Jay Gruden – Brother of Chucky – Is the New Redskins Coach
He’s a former quarterback
Like Bill Walsh and Norv Turner, Gruden was a quarterback in college who had a limited set of skills. Good enough to be a professional in Europe and in the Arena League, Gruden had was amounted to a hardscrabble journey into his current position.
Quarterbacks who have to figure it out and find various methods to continue playing will learn all the tricks to being successful with their limited skills. If you put them in a situation with a quarterback who does have the skills, they can impart their knowledge to help the quarterback fulfill his potential. It happened with Walsh and Joe Montana and Steve Young. It happened with Turner and Troy Aikman and Philip Rivers.
Gruden worked with Andy Dalton with the Bengals when Dalton was forced into the starting role after the holdout of Carson Palmer. He coaxed a solid rookie season and consistent improvement over his three years as Dalton’s offensive coordinator. Give him a quarterback with the skills of Robert Griffin III, and magic can happen.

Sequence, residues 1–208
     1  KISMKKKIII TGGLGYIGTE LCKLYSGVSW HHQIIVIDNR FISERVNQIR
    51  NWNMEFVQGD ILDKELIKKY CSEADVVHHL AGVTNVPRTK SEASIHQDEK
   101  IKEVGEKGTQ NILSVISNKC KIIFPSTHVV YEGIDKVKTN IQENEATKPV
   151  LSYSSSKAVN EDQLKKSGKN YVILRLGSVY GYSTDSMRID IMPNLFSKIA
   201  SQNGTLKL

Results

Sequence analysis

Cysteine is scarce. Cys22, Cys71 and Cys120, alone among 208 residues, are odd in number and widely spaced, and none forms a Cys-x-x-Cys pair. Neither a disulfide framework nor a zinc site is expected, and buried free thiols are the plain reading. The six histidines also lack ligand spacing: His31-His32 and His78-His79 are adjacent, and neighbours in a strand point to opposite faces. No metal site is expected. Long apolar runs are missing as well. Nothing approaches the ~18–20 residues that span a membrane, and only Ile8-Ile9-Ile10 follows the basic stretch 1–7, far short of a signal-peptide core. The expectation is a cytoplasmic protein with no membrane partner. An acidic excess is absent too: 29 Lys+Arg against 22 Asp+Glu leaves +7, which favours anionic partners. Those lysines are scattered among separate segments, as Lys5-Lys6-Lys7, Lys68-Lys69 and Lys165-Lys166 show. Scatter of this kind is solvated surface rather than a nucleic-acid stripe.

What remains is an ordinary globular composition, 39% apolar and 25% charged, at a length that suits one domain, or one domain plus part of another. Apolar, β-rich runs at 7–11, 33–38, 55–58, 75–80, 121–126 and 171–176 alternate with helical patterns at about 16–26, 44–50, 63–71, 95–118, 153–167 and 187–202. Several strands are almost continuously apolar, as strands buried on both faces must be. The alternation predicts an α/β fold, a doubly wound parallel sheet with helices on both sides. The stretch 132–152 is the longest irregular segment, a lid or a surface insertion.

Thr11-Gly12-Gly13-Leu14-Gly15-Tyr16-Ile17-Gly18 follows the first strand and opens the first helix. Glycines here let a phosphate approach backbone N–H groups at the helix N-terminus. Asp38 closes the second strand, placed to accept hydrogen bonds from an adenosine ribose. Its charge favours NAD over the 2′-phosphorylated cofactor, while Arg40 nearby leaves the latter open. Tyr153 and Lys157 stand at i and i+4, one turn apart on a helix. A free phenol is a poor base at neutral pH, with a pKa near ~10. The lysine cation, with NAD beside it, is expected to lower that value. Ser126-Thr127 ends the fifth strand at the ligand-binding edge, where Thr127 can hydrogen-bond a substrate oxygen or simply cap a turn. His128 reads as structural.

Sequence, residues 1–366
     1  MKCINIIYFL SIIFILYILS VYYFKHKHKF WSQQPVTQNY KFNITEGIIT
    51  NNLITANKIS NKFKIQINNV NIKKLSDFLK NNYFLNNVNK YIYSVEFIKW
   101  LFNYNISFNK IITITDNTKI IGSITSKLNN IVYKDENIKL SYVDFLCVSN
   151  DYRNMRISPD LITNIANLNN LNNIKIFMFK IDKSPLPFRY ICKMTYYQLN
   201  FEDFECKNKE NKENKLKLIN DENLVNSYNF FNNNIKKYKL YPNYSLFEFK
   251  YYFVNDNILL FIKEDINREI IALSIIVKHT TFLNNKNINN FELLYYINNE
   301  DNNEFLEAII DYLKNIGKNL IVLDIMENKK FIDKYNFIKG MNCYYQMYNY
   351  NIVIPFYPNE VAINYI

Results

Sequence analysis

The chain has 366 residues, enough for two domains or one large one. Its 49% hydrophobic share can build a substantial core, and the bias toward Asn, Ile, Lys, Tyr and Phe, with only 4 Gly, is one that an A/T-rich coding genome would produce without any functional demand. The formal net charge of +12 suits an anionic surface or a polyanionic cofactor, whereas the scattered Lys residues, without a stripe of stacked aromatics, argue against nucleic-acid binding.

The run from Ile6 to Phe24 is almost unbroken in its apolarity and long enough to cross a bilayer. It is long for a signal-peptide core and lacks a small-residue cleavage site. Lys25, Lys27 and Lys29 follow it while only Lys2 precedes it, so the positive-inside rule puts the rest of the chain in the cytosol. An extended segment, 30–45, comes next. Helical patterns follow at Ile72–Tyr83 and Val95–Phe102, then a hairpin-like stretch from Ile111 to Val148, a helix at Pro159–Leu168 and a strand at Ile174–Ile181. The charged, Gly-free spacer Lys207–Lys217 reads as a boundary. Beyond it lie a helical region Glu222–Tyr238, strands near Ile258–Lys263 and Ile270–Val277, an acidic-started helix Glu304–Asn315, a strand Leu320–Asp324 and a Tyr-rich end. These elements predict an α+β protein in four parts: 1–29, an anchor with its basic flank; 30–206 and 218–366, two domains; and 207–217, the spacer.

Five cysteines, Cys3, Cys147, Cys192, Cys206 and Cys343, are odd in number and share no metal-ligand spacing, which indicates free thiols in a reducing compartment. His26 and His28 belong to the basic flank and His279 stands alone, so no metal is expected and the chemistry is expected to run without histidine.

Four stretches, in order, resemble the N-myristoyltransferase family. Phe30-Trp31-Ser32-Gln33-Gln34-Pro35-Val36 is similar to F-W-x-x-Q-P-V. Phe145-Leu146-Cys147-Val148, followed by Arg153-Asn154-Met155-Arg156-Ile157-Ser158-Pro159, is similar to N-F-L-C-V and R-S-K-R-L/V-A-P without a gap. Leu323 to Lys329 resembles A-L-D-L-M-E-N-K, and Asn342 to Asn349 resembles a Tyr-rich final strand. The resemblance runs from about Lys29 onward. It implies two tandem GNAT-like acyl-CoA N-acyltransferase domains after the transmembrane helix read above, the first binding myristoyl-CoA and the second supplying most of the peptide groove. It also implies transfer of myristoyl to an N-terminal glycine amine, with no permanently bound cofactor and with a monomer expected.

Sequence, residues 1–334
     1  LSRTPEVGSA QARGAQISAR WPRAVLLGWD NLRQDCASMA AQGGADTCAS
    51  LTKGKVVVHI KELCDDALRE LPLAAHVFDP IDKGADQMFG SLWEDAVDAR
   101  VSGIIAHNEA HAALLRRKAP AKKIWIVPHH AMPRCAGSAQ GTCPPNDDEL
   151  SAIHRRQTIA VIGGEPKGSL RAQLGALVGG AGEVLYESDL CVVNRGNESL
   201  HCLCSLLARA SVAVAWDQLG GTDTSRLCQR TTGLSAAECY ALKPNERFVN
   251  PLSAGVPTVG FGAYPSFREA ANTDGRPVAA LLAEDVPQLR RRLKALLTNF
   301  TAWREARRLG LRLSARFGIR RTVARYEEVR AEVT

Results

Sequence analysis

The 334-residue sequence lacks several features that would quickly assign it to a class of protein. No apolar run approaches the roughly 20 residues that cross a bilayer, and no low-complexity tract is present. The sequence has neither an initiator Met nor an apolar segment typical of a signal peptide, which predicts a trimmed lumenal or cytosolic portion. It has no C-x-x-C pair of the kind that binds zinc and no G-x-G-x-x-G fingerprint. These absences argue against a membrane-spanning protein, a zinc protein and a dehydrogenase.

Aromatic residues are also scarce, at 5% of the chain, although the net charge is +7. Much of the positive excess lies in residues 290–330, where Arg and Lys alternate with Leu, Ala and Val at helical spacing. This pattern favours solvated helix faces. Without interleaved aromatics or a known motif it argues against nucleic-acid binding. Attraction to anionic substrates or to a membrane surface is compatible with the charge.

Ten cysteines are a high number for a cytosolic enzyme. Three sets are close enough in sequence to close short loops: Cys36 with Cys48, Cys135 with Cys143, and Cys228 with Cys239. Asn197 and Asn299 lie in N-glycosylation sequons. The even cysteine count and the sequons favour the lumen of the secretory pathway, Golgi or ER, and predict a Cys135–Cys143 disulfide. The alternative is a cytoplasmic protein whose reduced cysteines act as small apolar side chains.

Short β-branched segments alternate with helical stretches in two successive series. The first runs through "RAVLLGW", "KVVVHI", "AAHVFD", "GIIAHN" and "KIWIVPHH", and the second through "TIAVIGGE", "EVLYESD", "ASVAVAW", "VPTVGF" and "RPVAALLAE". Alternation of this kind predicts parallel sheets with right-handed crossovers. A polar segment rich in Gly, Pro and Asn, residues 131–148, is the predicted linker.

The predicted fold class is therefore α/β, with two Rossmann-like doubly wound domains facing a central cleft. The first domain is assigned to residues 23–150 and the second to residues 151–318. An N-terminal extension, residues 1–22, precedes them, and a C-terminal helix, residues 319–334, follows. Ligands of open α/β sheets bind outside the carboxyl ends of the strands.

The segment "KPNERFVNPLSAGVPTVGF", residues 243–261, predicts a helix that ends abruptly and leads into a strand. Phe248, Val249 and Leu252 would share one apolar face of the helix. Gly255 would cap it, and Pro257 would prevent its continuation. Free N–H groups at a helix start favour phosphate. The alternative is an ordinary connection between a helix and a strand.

He’s got a diverse resume in different circumstances
Gruden won’t have the say-so that Mike Shanahan had, but Bruce Allen is the club’s GM and Allen worked with Jon Gruden with the Raiders and Bucs. As difficult as Snyder is said to be, how much worse can an owner be in terms of interference than Al Davis? Davis had a football man’s mind that gave his meddling credibility and that’s something that Snyder doesn’t have. But Snyder can be convinced that the football people know better than he does on certain issues and he’ll back off. That would never happen with Davis. It can’t be said that Snyder doesn’t hire quality people in spite of poor results and a terrible reputation.
As the Louisville quarterback in college, Gruden played for Howard Schnellenberger. He coached in the Arena League and the United Football League. He’s been a GM in the Arena League. He was an offensive assistant on his brother's Super Bowl-winning staff. He was the offensive coordinator for Marvin Lewis, whose strength is handling players. He’s young enough and experienced enough to adapt to the unique circumstances in Washington.